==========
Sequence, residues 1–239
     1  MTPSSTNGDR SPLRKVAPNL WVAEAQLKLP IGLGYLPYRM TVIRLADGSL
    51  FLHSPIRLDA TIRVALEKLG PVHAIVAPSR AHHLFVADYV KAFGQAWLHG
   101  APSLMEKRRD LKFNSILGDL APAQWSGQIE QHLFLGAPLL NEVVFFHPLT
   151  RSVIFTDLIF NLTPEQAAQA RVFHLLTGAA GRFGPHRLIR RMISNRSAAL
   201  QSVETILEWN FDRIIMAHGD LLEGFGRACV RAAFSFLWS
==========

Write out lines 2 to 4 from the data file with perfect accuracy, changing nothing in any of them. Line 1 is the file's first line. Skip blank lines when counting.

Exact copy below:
     1  MTPSSTNGDR SPLRKVAPNL WVAEAQLKLP IGLGYLPYRM TVIRLADGSL
    51  FLHSPIRLDA TIRVALEKLG PVHAIVAPSR AHHLFVADYV KAFGQAWLHG
   101  APSLMEKRRD LKFNSILGDL APAQWSGQIE QHLFLGAPLL NEVVFFHPLT